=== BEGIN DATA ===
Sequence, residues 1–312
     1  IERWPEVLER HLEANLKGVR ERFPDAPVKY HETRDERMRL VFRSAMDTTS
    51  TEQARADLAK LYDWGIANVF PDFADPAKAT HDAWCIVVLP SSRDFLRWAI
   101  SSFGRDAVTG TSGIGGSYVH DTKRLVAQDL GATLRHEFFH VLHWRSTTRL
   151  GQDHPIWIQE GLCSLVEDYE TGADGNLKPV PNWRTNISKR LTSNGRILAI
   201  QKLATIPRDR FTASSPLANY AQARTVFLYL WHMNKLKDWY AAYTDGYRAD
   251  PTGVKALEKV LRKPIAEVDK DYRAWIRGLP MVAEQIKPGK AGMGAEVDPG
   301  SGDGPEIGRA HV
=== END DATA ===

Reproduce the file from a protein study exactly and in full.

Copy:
Sequence, residues 1–312
     1  IERWPEVLER HLEANLKGVR ERFPDAPVKY HETRDERMRL VFRSAMDTTS
    51  TEQARADLAK LYDWGIANVF PDFADPAKAT HDAWCIVVLP SSRDFLRWAI
   101  SSFGRDAVTG TSGIGGSYVH DTKRLVAQDL GATLRHEFFH VLHWRSTTRL
   151  GQDHPIWIQE GLCSLVEDYE TGADGNLKPV PNWRTNISKR LTSNGRILAI
   201  QKLATIPRDR FTASSPLANY AQARTVFLYL WHMNKLKDWY AAYTDGYRAD
   251  PTGVKALEKV LRKPIAEVDK DYRAWIRGLP MVAEQIKPGK AGMGAEVDPG
   301  SGDGPEIGRA HV